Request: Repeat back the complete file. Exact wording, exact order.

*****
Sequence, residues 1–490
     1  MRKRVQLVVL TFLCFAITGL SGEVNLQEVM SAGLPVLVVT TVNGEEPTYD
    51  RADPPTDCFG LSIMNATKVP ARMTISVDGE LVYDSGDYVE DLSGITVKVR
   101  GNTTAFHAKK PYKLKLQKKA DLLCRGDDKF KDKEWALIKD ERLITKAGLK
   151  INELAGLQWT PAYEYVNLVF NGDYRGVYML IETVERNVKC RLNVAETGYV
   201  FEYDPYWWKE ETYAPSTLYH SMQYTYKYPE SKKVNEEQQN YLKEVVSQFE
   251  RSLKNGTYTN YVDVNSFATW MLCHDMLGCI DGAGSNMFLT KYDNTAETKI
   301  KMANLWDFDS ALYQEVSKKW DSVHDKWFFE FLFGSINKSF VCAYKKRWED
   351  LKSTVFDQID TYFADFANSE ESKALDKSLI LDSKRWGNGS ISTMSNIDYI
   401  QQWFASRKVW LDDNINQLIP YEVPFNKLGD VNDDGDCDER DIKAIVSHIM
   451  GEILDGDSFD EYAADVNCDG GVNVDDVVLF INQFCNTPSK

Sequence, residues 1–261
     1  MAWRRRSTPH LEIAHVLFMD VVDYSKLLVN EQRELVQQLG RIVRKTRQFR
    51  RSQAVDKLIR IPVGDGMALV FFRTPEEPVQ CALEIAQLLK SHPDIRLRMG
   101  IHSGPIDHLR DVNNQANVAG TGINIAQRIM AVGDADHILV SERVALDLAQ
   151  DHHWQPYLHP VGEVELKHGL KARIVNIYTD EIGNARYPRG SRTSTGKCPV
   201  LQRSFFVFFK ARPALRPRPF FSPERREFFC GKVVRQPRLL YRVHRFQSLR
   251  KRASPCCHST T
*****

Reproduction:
Sequence, residues 1–490
     1  MRKRVQLVVL TFLCFAITGL SGEVNLQEVM SAGLPVLVVT TVNGEEPTYD
    51  RADPPTDCFG LSIMNATKVP ARMTISVDGE LVYDSGDYVE DLSGITVKVR
   101  GNTTAFHAKK PYKLKLQKKA DLLCRGDDKF KDKEWALIKD ERLITKAGLK
   151  INELAGLQWT PAYEYVNLVF NGDYRGVYML IETVERNVKC RLNVAETGYV
   201  FEYDPYWWKE ETYAPSTLYH SMQYTYKYPE SKKVNEEQQN YLKEVVSQFE
   251  RSLKNGTYTN YVDVNSFATW MLCHDMLGCI DGAGSNMFLT KYDNTAETKI
   301  KMANLWDFDS ALYQEVSKKW DSVHDKWFFE FLFGSINKSF VCAYKKRWED
   351  LKSTVFDQID TYFADFANSE ESKALDKSLI LDSKRWGNGS ISTMSNIDYI
   401  QQWFASRKVW LDDNINQLIP YEVPFNKLGD VNDDGDCDER DIKAIVSHIM
   451  GEILDGDSFD EYAADVNCDG GVNVDDVVLF INQFCNTPSK

Sequence, residues 1–261
     1  MAWRRRSTPH LEIAHVLFMD VVDYSKLLVN EQRELVQQLG RIVRKTRQFR
    51  RSQAVDKLIR IPVGDGMALV FFRTPEEPVQ CALEIAQLLK SHPDIRLRMG
   101  IHSGPIDHLR DVNNQANVAG TGINIAQRIM AVGDADHILV SERVALDLAQ
   151  DHHWQPYLHP VGEVELKHGL KARIVNIYTD EIGNARYPRG SRTSTGKCPV
   201  LQRSFFVFFK ARPALRPRPF FSPERREFFC GKVVRQPRLL YRVHRFQSLR
   251  KRASPCCHST T